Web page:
The Changes to Tax Laws You Need to Know
It’s no surprise to small business owners that every year brings change to the tax code. What may surprise them this year is the size of some of the changes and the effects they will have on their bottom line.
Take the change to Section 179, for example. Section 179 was created as an incentive for businesses to reinvest. It did this by allowing business owners to deduct as much as $500,000 in qualifying expenses for certain assets, such as equipment or furniture, in the year of purchase rather than over an extended period of time.
For small business owners, the deduction meant they could make those big purchases and quickly recoup the cost.
For the 2014 tax year, the deduction has been sharply reduced -- to $25,000 from $500,000. That steep drop has made some business owners think long and hard about equipment purchases. They have to more closely weigh those purchases against other expenses, such as hiring additional employees.
Some have put off purchases, hoping that Congress will restore the higher level of deduction. Earlier this year the House voted to permanently set the deduction at $500,000. But the full Senate has not acted on the increase. Small business owners are watching and hoping for movement on Section 179 that will perhaps arrive after the midterm elections in November.
With the bonus depreciation allowance, businesses had been able to claim a 50 percent deduction for qualified property first used in the tax year. That allowance ended with the 2013 tax year.
Other smaller tax credits ended last year, such as the work-opportunity tax credit that aimed to stimulate employment of veterans and other workers in specific categories. The work-opportunity tax credit gave employers as much as $9,600 for hiring veterans, ex-felons and others. Also discontinued, an energy incentive encouraged employers to go green by allowing deductions for environmentally friendly features, such as lighting.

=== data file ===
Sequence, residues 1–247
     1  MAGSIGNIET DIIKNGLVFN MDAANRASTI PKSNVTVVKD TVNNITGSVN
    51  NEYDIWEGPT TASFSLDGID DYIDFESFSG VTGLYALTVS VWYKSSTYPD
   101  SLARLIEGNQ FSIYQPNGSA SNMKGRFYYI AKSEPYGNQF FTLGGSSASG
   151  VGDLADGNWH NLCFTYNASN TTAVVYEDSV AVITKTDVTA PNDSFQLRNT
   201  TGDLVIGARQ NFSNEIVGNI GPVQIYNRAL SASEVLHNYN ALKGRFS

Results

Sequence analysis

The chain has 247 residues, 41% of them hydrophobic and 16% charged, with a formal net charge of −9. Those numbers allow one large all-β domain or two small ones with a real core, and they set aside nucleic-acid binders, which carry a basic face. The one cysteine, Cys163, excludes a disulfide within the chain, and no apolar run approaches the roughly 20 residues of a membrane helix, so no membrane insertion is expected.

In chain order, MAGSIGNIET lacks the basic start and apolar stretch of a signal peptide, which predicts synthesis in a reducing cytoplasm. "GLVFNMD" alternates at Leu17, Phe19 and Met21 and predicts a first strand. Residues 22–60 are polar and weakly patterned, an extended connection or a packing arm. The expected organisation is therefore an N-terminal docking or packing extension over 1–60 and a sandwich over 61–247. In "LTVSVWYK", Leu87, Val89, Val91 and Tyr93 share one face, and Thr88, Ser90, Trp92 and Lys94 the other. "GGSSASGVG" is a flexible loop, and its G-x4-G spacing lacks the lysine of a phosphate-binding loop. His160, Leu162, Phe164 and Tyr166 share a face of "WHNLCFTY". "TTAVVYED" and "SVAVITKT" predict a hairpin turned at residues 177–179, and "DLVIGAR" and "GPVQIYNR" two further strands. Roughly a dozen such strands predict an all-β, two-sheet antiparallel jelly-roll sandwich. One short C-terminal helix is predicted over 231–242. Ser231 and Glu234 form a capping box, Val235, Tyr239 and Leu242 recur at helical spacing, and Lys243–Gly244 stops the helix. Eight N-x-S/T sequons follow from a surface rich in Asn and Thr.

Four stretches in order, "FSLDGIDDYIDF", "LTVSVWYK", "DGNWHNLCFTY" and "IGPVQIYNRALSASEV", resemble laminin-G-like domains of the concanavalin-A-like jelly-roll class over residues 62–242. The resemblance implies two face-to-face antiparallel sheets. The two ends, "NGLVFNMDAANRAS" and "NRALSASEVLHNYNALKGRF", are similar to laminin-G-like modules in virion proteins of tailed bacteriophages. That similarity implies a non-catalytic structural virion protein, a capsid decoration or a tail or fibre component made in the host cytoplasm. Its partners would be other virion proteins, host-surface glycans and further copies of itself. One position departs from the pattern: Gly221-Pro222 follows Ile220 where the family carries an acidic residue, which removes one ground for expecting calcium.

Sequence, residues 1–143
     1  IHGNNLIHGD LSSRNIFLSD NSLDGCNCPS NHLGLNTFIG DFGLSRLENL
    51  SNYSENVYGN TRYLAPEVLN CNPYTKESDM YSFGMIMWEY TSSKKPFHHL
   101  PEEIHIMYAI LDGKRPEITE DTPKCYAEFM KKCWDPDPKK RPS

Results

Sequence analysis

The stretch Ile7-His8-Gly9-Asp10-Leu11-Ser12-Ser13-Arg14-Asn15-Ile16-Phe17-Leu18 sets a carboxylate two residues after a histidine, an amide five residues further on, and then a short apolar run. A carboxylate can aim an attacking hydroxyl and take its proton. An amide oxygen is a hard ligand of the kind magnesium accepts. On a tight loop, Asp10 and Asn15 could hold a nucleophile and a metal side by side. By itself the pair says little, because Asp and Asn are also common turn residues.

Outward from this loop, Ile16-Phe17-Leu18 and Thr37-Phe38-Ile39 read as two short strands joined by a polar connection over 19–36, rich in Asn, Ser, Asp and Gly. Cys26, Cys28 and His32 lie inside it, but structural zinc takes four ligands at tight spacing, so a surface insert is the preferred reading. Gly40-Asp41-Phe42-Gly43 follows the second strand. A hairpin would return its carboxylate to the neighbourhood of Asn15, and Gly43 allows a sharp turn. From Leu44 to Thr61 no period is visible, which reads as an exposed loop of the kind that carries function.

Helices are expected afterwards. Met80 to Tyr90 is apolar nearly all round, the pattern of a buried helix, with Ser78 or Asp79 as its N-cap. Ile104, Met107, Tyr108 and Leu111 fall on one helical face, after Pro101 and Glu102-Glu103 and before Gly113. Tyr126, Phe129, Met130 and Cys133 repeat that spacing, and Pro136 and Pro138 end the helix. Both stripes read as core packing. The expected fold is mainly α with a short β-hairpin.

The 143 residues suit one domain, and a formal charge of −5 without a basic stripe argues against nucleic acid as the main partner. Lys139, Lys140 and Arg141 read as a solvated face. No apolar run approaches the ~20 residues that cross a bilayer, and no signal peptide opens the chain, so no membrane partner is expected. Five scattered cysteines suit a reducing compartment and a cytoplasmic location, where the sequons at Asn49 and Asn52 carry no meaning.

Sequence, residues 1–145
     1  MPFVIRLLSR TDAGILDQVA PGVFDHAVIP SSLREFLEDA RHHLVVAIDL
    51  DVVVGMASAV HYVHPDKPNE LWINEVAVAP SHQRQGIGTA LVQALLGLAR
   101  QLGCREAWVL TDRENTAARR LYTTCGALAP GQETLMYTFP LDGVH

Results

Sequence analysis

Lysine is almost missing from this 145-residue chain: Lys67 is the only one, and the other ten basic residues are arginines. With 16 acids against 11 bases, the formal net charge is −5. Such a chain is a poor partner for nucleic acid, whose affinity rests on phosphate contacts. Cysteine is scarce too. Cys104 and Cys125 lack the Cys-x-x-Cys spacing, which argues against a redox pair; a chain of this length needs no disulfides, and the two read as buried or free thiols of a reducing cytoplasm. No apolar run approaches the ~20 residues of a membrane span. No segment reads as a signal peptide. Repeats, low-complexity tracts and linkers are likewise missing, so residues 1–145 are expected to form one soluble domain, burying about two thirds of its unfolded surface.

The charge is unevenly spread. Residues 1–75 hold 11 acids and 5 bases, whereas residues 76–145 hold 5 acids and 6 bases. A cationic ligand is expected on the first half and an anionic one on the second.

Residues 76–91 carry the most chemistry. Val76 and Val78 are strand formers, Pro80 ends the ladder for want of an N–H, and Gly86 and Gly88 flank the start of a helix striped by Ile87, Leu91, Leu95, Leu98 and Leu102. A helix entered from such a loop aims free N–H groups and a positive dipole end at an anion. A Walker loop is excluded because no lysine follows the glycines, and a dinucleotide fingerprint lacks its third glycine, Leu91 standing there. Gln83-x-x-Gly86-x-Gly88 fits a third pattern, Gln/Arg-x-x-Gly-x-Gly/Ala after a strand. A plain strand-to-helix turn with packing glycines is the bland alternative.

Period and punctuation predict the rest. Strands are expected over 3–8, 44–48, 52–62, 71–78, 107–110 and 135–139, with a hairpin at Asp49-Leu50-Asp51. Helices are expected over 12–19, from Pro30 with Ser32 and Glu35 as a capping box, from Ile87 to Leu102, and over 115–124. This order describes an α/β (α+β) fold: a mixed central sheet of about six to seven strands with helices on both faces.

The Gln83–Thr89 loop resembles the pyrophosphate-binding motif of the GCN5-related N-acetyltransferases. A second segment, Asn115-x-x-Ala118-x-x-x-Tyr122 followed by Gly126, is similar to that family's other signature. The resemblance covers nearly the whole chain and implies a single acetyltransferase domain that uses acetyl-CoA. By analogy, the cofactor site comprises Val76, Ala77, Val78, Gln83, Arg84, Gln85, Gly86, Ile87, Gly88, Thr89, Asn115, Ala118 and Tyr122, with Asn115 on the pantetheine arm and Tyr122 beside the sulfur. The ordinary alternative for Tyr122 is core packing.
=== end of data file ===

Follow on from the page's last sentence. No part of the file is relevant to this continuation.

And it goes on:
For the first time, in the 2014 tax year, the Affordable Care Act will be directly registered on tax returns in the following way and it may have the greatest impact on small business owners.
About 1 in 4 small business owners did not themselves have health insurance, according to a 2012 Kaiser Family Foundation study. Those who didn’t sign up for health insurance for this year and who aren’t eligible for an exemption will have to pay a penalty.
Savvy small business owners probably know this fact, but might be surprised to learn that the penalty will likely be higher than the $95 that's received the most attention. The penalty is 1 percent of taxable household income or $95 for each person in a household who is uninsured, whichever is greater.
Both equations have limits. If the penalty is $95 a person, the limit is $285. If the taxpayer is paying 1 percent of taxable household income, the limit will be the cost of the average national premium of the bronze health insurance plan. That could be about $2,500 for an individual and $12,000 for a family of five, according to the IRS. That’s quite a bit more than $95.
The law requires businesses with 100 or more employees to offer workers health insurance in 2015 or pay a penalty. Businesses with 50 to 99 employees have until 2016 to comply.